A General History and Collection of Voyages and Travels — Volume 02 eBook

Robert Kerr (writer)
This eBook from the Gutenberg Project consists of approximately 778 pages of information about A General History and Collection of Voyages and Travels — Volume 02.
and thence back to the Red Sea; whence Covillian sent Abraham into Portugal, with letters to the king, containing all the information acquired in this part of the expedition, and intimating his determination to go into the dominions of Presbyter John.  This he accordingly did, and came to the presence of the then emperor of Ethiopia, named Alexander, to whom he delivered the letters with which he had been entrusted by the king of Portugal for that monarch.  Alexander received him courteously, and seemed much pleased with the letters of the king of Portugal, as being from so very distant a Christian prince, yet did not seem to attach much credit or importance to them.  But he gave all honour, and many gifts to Covillian.

When Covillian was ready to depart from Ethiopia, and awaited leave for that purpose, which he had solicited, Alexander died, and was succeeded by a new emperor named Nahu, who could never be prevailed on to allow of his departure; neither could he procure leave for that purpose from the next emperor, David, the son of Nahu, so that Covillian had to remain in Ethiopia, and never returned into Portugal.  From that time King John never heard more of him, and therefore concluded that he was dead; nothing having ever been received from him respecting his travels, except what was contained in the letters carried by the Jews, as before mentioned.

There came afterwards to Lisbon, a friar from this country of Presbyter John, who was received courteously by the king, and on whose reports of great things concerning that country, the king determined to proceed in making a discovery of the way to the Indies by sea.  He accordingly gave orders to John de Braganca, his surveyor of the forests, to cut down timber for building two small ships for that voyage.  But King John died, and was succeeded by King Manuel, of glorious memory, who had been chosen by Divine Providence to accomplish the discovery of these countries, by which the Christian faith hath been greatly extended, the royal house of Portugal much honoured, and the subjects wonderfully enriched.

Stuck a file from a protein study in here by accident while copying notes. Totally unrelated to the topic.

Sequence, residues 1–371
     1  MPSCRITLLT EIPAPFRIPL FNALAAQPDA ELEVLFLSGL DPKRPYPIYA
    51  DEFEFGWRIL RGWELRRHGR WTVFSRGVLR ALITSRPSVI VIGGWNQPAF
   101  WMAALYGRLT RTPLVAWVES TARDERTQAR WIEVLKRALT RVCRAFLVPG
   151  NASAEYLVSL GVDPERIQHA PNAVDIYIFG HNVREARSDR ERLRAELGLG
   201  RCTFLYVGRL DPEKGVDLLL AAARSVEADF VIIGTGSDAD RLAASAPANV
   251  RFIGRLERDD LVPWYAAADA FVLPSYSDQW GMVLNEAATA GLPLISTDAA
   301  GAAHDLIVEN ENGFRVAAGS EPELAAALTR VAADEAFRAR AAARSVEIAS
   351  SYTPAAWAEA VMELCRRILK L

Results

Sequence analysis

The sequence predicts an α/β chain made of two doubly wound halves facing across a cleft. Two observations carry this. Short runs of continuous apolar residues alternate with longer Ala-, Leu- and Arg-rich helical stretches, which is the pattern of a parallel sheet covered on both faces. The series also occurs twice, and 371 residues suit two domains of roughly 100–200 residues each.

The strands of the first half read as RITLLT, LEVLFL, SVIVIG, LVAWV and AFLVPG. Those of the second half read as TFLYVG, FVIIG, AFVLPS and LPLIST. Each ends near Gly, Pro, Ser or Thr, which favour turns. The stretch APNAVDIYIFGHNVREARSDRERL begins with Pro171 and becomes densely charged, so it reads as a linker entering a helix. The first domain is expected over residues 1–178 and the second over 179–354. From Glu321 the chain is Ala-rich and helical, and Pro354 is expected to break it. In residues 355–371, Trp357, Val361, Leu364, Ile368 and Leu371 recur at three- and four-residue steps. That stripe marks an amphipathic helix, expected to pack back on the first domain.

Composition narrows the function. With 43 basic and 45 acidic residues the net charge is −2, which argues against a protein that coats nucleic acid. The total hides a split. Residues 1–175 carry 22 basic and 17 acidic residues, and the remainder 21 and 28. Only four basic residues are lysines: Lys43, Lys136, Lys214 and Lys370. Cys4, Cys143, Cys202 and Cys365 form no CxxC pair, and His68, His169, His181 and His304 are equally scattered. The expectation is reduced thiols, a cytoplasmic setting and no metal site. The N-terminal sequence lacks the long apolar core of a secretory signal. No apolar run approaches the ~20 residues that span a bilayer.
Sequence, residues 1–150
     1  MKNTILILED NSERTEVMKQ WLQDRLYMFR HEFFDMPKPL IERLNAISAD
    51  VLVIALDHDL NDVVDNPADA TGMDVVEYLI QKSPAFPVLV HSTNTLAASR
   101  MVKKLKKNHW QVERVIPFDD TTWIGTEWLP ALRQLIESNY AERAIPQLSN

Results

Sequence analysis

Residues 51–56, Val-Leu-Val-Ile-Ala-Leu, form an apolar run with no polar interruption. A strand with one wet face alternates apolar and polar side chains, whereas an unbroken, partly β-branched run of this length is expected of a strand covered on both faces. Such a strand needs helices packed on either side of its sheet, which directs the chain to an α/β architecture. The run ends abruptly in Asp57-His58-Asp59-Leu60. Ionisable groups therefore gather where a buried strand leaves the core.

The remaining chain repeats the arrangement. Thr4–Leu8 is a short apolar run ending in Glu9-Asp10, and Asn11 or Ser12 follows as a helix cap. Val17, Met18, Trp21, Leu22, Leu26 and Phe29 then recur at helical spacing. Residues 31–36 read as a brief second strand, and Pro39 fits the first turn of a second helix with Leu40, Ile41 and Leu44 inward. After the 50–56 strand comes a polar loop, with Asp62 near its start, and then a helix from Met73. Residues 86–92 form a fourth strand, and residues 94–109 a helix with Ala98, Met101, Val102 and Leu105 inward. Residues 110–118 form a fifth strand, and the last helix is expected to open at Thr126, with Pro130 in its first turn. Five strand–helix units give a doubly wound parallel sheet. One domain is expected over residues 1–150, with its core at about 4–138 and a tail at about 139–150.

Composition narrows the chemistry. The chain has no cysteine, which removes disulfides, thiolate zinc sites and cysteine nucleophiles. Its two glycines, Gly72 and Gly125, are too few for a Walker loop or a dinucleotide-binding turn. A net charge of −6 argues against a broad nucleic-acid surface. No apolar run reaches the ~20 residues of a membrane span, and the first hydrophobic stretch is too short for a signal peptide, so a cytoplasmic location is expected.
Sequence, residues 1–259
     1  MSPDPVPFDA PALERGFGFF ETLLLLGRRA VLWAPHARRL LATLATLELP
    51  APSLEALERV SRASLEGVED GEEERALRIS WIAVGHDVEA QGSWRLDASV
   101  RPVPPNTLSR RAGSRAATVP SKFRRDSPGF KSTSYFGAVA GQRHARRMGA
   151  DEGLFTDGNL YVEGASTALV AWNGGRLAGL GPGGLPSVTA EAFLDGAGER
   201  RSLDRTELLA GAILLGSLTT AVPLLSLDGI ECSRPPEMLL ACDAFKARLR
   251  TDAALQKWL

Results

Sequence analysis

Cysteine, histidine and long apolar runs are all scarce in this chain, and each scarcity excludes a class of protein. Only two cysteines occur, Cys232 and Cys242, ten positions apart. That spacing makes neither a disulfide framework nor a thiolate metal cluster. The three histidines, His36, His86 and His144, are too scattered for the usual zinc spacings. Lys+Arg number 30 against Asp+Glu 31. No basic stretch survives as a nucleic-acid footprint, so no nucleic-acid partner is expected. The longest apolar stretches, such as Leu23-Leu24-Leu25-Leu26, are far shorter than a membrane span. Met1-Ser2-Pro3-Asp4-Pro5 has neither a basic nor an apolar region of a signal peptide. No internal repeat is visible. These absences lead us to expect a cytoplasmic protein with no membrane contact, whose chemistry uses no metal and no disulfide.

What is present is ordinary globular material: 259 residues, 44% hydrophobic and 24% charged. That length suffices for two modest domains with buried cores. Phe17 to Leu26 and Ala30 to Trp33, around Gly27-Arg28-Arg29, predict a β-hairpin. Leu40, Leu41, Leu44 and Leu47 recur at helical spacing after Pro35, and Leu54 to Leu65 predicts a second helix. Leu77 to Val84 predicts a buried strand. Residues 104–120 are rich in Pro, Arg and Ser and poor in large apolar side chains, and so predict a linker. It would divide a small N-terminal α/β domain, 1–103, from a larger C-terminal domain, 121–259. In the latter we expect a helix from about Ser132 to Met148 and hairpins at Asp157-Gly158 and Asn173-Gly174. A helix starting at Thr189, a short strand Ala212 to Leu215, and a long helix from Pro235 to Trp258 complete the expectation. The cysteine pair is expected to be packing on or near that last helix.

Narrative of the first Voyage of Vasco de Gama to India and back, in the years 1497, 1498, and 1499.

On the death of King John, he was succeeded by Don Manuel, a prince of a great mind, bent upon high enterprise, and prone to undertake and execute things beyond the ordinary reach of human knowledge, even more than was Alexander the Great.  Being exceedingly desirous to prosecute the discovery of the Indies, which had been begun by his predecessor, and proceeding upon the information left him by King John, relative to that navigation, he commanded Fernan Lorenzo, treasurer of the house of Mina, to cause construct two ships for this voyage, from the timber which had been provided by King John.  These were named the Angel Gabriel and the San Raphael, the former being of the burden

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